Here’s another top yarn direct from Brian Russell’s memory bank (you’d like him and Jack Styring on either side of you at a trivia night!).
It is unlikely any of the thousands of mares who will produce foals in Australia this season will ever have a production record as impressive (numerically) as that of Golden Goddess, who was pensioned off after dropping her 20th successive live foal in the spring of 1967.
It was a feat that the Keeper of the Stud Book at the time advised owner, Carl Powell of Brooklyn Lodge in the Hunter Valley, had created two world records: for most foals and successive foals. There was no foal in 1962 as she was not served in 1961 while one was unnamed.
The best of Golden Goddess’s seven winners, all very modest, was Firecrag (won WATC Murray Welter Handicap), but another of interest was bush maiden winner Le Barrie (by White Ensign), one who stood as a station sire at Wee Waa, NSW and, according to a 1967 report on Golden Goddess, had been responsible for nine foals, all country winners.
Golden Goddess may still be the world record holder, while nearest rivals include fashionable matriarchs, Black Ray (GB) (1919), dam of 19 consecutive foals, and Sister Sarah (GB) (1930), a mare who followed up 18 consecutive foals with a miss and then died while foaling.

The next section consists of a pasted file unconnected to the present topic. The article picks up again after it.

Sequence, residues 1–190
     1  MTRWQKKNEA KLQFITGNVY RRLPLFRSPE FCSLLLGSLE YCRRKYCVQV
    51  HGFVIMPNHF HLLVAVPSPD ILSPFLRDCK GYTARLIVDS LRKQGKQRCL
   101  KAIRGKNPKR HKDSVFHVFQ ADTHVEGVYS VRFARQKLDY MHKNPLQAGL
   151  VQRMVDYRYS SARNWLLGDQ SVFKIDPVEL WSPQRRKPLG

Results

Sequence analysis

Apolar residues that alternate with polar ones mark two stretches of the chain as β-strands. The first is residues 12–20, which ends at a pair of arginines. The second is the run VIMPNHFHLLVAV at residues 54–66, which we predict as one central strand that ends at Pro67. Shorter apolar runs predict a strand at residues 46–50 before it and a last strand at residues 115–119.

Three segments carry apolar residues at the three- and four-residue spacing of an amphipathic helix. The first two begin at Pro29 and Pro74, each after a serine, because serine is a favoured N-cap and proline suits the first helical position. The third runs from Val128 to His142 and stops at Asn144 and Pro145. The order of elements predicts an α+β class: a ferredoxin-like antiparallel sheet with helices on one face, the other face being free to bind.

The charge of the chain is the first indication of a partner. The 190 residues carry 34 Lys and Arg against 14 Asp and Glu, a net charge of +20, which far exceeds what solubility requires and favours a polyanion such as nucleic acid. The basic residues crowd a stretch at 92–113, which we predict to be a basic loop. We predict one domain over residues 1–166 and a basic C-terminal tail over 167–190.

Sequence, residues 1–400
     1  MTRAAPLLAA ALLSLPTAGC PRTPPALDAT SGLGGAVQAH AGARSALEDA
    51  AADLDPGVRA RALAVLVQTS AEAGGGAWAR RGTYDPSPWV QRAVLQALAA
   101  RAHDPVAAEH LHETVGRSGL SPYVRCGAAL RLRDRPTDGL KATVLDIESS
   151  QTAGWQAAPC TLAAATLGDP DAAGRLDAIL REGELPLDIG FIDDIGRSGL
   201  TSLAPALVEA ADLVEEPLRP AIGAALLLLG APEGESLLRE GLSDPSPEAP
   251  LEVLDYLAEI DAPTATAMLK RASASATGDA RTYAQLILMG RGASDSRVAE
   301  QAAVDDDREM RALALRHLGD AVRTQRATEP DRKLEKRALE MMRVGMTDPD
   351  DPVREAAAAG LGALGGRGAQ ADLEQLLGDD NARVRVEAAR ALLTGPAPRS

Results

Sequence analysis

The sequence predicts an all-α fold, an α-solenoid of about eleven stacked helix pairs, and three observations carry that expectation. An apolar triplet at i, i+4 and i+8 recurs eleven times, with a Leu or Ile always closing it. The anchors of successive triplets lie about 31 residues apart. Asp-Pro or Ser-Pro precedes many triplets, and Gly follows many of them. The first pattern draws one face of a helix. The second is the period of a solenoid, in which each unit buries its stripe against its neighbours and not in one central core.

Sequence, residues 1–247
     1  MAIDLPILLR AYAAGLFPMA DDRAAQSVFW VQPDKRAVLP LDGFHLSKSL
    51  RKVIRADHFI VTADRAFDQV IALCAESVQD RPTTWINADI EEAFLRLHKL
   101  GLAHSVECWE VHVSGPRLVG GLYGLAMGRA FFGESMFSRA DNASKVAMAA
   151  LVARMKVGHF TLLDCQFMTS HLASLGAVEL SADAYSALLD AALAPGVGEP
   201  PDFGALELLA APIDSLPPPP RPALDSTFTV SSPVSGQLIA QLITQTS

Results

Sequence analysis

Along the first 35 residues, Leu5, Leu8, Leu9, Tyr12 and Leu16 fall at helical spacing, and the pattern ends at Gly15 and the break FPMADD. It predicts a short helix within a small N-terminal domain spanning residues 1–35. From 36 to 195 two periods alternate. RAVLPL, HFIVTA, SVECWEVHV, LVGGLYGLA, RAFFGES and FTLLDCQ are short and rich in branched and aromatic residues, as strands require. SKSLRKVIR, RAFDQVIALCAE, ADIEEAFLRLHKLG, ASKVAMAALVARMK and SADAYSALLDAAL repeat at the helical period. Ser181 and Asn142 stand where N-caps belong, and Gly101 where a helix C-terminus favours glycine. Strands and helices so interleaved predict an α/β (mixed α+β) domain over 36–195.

Bambina, an Australian thoroughbred mare foaled in 1916, gave birth to 11 colts and seven fillies.
A world record for foal production among all horse breeds is claimed for an English pony who was said to have had her 35th foal when she was 40 years old.
Carl Powell, whose Brooklyn Lode rose to the top in the 1950s and 1960s via the imported Nasrullah sire Rego (IRE), acquired the mare who was to become Golden Goddess (by the imported Solario sire Lo Zingaro) as a foal at foot when he bought her dam Barry Mine (by Son-in-Law sire Son o’Mine (GB) for 120 guineas ($252) at a Victorian dispersal sale.
Among the Golden Goddess (pictured below at Brooklyn Lodge) matlngs were three visits to Rego – a horse described by jockey Edgar Britt as a handy welter class performer. Like Golden Goddess, most of the mares who went to Rego in his early stud career were low grade.
One of Carl Powell’s mares that produced a foal from Rego’s first crop was Sweet Nymph (by Beau Pere sire Beau Port): the foal being deemed so small she sold for ($105) as a weanling.
Named Wiggle, the filly became a great racehorse, winning 14 in Australia, including the QTC Stradbroke (at two), AJC Champagne Stakes, Hobartville Stakes, VATC Caulfield Guineas and VRC Linlithgow Stakes, and six in America, several of them stakes. She produced seven winners in America, including three black type winners.
Wiggle did not contest the Golden Slipper, but Rego went on to sire two winners … Reisling in 1965 and Baguette in 1970.